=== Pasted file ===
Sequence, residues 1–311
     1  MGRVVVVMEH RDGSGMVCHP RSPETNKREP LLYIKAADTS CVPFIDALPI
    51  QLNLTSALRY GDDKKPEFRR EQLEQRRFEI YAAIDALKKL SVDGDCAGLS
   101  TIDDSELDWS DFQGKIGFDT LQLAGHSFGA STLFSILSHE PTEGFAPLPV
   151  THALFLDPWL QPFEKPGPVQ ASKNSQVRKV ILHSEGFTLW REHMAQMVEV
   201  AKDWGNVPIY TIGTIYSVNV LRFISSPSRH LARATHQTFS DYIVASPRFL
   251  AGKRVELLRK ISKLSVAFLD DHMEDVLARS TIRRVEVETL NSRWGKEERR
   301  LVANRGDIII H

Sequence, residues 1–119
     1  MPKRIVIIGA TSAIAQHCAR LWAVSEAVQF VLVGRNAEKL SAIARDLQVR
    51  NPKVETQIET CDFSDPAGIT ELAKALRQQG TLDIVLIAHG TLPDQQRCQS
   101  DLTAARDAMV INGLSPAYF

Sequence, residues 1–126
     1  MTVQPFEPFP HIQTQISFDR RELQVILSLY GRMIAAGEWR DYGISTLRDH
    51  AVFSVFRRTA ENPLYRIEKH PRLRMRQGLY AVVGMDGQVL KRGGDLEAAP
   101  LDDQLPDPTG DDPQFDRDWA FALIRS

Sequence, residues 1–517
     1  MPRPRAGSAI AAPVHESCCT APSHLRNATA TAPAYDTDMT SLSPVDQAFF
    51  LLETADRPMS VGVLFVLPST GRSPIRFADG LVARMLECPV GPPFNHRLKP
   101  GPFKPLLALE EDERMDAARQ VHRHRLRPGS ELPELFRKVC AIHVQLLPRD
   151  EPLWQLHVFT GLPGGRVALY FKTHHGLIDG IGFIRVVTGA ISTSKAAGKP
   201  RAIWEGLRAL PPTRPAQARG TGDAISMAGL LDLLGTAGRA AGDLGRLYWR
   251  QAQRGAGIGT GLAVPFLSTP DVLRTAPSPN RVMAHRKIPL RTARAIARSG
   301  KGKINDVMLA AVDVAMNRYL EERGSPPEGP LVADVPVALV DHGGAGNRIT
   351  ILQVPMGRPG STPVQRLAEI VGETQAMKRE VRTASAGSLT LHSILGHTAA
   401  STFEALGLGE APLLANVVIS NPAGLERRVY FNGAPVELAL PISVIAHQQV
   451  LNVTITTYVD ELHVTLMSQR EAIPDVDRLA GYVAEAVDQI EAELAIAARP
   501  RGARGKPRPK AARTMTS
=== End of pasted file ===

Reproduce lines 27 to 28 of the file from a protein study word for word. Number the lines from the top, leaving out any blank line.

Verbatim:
   451  LNVTITTYVD ELHVTLMSQR EAIPDVDRLA GYVAEAVDQI EAELAIAARP
   501  RGARGKPRPK AARTMTS